SonicProjects Stringer Virtual String Machine

SonicProjects has introduced Stringer 3.0, an update to their virtual string machine for Mac & Windows.

Stringer is based on samples from classic strings synths, including the Logan String Melody II, ARP Omni 2 & Welson Symphony. A new “pure” mode in version 3.0, combined with the ensemble and modulation effects, lets you design new string ensemble sounds from scratch.

In the demo video, embedded above, all sounds come directly from the stereo output of Stringer, with no external effects involved.

Here’s what’s new in version 3.0:

  • 64bit and Mac compatibility (Mac: AU only)
  • Built-in patch browser with proprietary patch-format
  • Larger interface (about 40% larger)
  • Built-in effects unit (Modulation and Reverb)
  • A separate switchable ensemble effect (pre-effect)
  • A new „pure” mode (generated saw) in all-buttons-off state
  • 54 new presets (total 98) using the new features

Pricing and Availability

Stringer is available now with intro pricing of $55 (normally $65) USD.

8 thoughts on “SonicProjects Stringer Virtual String Machine

  1. Can someone explain the differences in synthesis techniques for string machines, vs subtractive synths? I can hear some bright edge up there, but just curious if there is some special oscillator shape, or noise layer that makes it do that thing.

    1. 70s string machines were built from square wave generator chips that – digitally – divided frequencies down into a set of 12 frequencies which then were digitally divided down by octave divider chips (essentially digital flip-flops). They generally have full polyphony, each key can produce a note. If there is a filter it’s what we now call paraphonic since there is absolutely no possibility of per-note envelopes, filters, panning, etc. To make them sound fuller 70s artists would do things like add a phaser pedal to the output.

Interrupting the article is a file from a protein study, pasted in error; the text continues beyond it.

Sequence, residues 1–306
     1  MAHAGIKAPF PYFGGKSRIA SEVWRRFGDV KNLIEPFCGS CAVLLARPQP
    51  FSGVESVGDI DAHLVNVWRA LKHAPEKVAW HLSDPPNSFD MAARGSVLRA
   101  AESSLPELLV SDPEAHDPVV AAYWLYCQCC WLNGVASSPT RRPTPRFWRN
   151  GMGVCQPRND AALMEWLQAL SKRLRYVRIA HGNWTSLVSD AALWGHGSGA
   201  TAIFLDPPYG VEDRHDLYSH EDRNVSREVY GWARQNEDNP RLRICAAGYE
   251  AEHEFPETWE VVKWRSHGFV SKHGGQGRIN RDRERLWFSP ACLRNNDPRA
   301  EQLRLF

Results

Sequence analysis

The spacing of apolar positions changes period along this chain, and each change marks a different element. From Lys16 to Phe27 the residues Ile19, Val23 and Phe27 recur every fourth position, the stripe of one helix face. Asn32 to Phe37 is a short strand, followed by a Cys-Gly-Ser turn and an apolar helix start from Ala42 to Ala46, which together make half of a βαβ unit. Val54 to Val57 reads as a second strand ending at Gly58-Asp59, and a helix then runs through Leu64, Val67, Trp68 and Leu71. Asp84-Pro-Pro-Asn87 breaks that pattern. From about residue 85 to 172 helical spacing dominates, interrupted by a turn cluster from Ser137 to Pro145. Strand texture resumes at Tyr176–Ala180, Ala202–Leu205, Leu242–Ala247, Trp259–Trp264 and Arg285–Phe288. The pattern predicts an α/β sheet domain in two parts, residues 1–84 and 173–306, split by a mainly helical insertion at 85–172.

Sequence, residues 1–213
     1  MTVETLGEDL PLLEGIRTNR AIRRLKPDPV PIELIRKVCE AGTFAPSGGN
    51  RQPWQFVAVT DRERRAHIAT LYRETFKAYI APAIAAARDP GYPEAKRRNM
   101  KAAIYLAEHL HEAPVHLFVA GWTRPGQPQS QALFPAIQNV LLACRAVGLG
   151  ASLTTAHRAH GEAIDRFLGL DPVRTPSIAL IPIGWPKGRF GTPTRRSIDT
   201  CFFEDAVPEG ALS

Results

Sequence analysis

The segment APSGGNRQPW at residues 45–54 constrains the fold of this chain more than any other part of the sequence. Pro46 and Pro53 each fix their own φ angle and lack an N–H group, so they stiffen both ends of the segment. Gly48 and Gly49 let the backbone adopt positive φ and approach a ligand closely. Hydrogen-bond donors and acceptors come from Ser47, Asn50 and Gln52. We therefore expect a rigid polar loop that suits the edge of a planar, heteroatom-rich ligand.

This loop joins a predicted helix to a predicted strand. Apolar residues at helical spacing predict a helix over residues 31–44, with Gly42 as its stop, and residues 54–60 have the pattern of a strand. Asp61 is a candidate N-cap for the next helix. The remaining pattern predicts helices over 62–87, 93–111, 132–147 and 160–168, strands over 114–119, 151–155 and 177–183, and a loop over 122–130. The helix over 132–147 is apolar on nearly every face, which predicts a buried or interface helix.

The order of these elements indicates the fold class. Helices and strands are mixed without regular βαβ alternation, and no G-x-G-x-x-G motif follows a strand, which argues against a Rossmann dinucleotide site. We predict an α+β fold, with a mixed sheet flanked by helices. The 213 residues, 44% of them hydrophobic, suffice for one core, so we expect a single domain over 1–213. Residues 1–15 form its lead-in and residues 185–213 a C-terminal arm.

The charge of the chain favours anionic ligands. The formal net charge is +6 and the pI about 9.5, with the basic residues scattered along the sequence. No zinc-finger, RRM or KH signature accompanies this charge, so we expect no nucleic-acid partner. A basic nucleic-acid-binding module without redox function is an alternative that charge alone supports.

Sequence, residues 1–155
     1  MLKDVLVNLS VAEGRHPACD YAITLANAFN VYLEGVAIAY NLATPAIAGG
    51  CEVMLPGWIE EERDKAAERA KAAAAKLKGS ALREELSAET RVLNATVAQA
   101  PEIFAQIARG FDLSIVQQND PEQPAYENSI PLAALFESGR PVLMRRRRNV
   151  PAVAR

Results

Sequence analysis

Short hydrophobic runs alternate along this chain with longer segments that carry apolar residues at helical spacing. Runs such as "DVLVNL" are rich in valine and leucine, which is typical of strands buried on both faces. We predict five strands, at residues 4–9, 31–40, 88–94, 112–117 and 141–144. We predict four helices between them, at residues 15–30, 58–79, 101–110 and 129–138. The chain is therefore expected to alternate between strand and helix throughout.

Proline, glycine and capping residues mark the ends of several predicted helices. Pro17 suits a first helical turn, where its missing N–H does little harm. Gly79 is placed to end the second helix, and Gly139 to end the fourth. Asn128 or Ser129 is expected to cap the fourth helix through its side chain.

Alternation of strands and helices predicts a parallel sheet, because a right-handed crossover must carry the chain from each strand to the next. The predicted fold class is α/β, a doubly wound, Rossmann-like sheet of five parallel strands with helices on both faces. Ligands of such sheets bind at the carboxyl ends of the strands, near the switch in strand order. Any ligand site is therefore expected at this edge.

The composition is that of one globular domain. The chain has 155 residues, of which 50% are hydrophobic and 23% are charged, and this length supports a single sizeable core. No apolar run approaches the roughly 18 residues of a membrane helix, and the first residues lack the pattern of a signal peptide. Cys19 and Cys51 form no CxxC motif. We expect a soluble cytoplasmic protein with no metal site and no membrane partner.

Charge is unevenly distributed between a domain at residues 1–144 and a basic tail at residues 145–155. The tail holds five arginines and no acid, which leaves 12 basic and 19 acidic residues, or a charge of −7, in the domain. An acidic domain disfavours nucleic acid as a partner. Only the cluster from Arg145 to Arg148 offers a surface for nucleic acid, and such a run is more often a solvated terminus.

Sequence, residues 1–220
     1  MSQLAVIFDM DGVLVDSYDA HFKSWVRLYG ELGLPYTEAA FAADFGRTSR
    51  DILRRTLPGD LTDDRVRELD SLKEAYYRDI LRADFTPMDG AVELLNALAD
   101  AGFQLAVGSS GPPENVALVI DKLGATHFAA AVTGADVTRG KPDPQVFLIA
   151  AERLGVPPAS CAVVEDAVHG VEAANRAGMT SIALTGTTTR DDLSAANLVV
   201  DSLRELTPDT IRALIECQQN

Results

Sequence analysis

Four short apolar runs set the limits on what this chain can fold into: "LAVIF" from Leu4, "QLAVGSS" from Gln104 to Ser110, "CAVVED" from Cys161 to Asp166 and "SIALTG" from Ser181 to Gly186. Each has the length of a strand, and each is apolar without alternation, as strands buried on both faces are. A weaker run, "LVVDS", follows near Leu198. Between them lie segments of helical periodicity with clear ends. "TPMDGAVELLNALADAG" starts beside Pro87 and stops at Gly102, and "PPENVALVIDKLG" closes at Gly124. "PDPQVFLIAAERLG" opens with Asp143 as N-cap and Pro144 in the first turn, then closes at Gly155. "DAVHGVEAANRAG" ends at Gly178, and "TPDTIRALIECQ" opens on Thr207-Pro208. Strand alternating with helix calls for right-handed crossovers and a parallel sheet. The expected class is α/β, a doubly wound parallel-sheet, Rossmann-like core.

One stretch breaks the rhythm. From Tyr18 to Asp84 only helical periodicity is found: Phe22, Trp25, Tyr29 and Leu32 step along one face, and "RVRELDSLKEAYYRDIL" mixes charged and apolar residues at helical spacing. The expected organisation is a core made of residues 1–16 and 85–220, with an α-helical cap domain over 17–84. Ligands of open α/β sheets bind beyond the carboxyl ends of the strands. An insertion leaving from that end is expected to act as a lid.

2. Subtractive synths are based on an often very limited nummer of identical voices (eg 8 OR 16). These voices are Dynamically assigned to keys being played. When you play more Keys than there are voices, you have a problem. Voice stealing is usually used to reassign the voice of the oldest key played to a new key played. Stringers work completely differently. Most of them have a single master oscillator, from which 12 notes in the highest Octave are derived (as subdivisions of the master). This is called a top octave generator. From these 12 notes all power octaves are derived. The big consequence here is: all notes have a fixed phase relationship. An important net step for stringers is the ensemble effect: basically a complex modulaties delay.

    3. what rabid bat andrutger said. essential part is the ensemble effect imo. a chorus with 3 modulated delay lines

  2. String synths mostly generate a globulant pad. Subtractive synths sit on top of them and do everything else. This plug shows off the limitations, but its also a well-appointed tool if this is where you want to go. I’ve played some classic/good examples and a few that smelled like elderly cheese. One was so bad, it should have been named “The Business Tax Write-Off!”

  3. This sounds great and the price is good. I’d love to see something like this on iOS. If you like string machines, don’t forget to check out Gforce Software’s Virtual String Machine… Dave and his company do brilliant work!

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